Summary: Actuarial Status of the Social Security Trust Funds
Download summary (0.3 MB)
The annual report of the Social Security Board of Trustees presents the actuarial status of the Old-Age and Survivors Insurance (OASI) and Disability Insurance (DI) Trust Funds. The COVID-19 pandemic has had significant effects on Social Security finances in the near term, but the Trustees project little effect on the long-term actuarial status of the program. With the future course of the pandemic still uncertain, the Trustees will continue to monitor developments and modify projections accordingly in future reports. The table below outlines key measures of the actuarial status of the trust funds under the intermediate assumptions in the 2022 report.
The economic recovery from the pandemic-induced 2020 recession has been stronger and faster than assumed in last year's report. The projected actuarial deficit for the combined trust funds over the next 75 years is 3.42 percent of taxable payroll, down from 3.54 percent reported last year. The main reasons for the smaller deficit are a stronger-than-expected recovery from the recession, higher expected levels of labor productivity, and lower anticipated long-range disability incidence rates. As a share of the economy as measured by gross domestic product (GDP), the projected actuarial deficit over the next 75 years is 1.2 percent.
The projected reserve depletion date for the combined OASDI trust funds is 2035, a year later than in last year's report.1 For the first time since the 1983 Trustees Report, the DI Trust Fund is projected to be able to pay full benefits through the end of the 75-year projection period (2096 in this year's report). Last year's report projected DI Trust fund depletion in 2057. The DI Trust Fund's reserve depletion date is very sensitive to changes in program cash flows and based on recent experience of declining program applications and incidence rates, the Trustees have lowered anticipated long-range disability incidence rates in this year's report. Considered on its own, the OASI Trust Fund can pay full benefits until 2034, a year later than projected last year.
|2021 report||2022 report|
|75-year actuarial deficit|
|As a percentage of taxable payroll||3.54%||3.42%|
|As a percentage of GDP||1.2%||1.2%|
|Income and outgo in year prior to report year (in billions)|
|Social Security contributions a||$1,001||$981|
|Income taxes on benefits||$41||$38|
|Benefit payments b||$1,101||$1,138|
|Net change in assets||$11||−$56|
|Trust fund reserves|
|Amount at beginning of report year (in billions)||$2,908||$2,852|
|Amount at beginning of report year (as a percentage of report year outgo)||253%||230%|
|Projected year of peak trust fund reserves c||2021||2022|
|Amount at end of peak year (in billions)||$2,831||$2,805|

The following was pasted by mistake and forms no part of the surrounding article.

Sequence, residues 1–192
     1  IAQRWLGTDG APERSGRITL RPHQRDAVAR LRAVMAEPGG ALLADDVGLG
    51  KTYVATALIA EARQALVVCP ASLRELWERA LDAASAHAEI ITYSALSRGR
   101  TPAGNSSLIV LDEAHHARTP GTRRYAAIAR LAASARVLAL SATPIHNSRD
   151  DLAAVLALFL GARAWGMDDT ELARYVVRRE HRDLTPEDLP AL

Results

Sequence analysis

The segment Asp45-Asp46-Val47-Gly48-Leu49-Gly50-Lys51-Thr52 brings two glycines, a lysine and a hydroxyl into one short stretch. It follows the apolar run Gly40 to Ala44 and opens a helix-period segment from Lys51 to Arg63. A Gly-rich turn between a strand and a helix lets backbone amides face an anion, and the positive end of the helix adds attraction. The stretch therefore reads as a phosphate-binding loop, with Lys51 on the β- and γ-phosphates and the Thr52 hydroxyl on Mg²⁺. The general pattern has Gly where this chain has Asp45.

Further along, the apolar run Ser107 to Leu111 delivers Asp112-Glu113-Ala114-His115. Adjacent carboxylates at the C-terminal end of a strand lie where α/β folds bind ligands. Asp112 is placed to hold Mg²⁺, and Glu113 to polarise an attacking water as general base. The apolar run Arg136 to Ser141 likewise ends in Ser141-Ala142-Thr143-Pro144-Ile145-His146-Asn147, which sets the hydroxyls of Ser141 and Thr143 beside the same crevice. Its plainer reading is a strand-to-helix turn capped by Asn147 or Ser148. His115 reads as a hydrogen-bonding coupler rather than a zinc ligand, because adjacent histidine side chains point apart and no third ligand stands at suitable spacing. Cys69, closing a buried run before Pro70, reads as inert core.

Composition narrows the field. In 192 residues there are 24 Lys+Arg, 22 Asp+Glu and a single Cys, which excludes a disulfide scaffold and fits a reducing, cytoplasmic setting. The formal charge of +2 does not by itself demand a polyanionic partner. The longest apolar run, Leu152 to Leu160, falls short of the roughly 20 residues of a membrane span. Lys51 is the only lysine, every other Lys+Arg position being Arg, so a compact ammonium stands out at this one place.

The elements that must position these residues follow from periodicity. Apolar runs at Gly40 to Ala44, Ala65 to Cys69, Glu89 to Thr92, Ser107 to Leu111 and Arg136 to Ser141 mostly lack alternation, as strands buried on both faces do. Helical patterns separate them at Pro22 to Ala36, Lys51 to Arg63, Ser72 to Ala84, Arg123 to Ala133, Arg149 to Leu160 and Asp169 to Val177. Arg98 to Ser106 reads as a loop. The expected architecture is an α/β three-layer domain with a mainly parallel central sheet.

|Year of trust fund depletion|
|Share of OASDI outgo covered by scheduled revenue in—|
|Year of trust fund depletion||78%||80%|
|End of 75-year reporting period||74%||74%|
|SOURCES: 2021 and 2022 Trustees Reports.|
|a. Includes adjustments for prior calendar years.|
|b. Includes a small amount of payments to the Railroad Retirement Board.|
|c. Measured at end of year.|
|d. The trust fund is not projected to become depleted during the 75-year period ending in 2096.|
A 2021 annual deficit of $56.3 billion decreased the asset reserves of the combined OASDI trust funds to $2,852 billion at the end of the year. This amount is equal to 230 percent of the estimated annual expenditures for 2022. The 2021 Trustees Report had projected a $77.3 billion decrease in combined trust fund reserves during 2021 under the intermediate assumptions.
The Trustees project that OASDI annual cost will exceed total income throughout the 75-year projection period. After the projected trust fund reserve depletion in 2035, continuing income would be sufficient to pay 80 percent of program cost, declining to 74 percent for 2096.
Beneficiaries and Benefit Payments
At the end of 2021, the Social Security program was providing monthly benefits to about 65 million people: 56 million from the OASI Trust Fund and 9 million from the DI Trust Fund. Total benefit payments for the year (excluding payments to the Railroad Retirement Board) were $1,133 billion: $993 billion from the OASI Trust Fund and $140 billion from the DI Trust Fund.
Sources of Trust Fund Income
During 2021, an estimated 179 million workers had earnings covered by Social Security and paid $981 billion in payroll taxes. Employees pay a 6.2 percent contribution from earnings up to a maximum of $147,000 in 2022, which their employers match. Self-employed workers pay both shares of the contribution, or 12.4 percent. Generally, more than 40 percent of current beneficiaries pay income taxes on part of their benefits, and those taxes go to the OASDI trust funds and Medicare's Hospital Insurance Trust Fund. In 2021, income to the combined OASDI trust funds from the taxation of benefits amounted to $38 billion. The trust funds also earned $70 billion in interest payments on their accumulated reserves.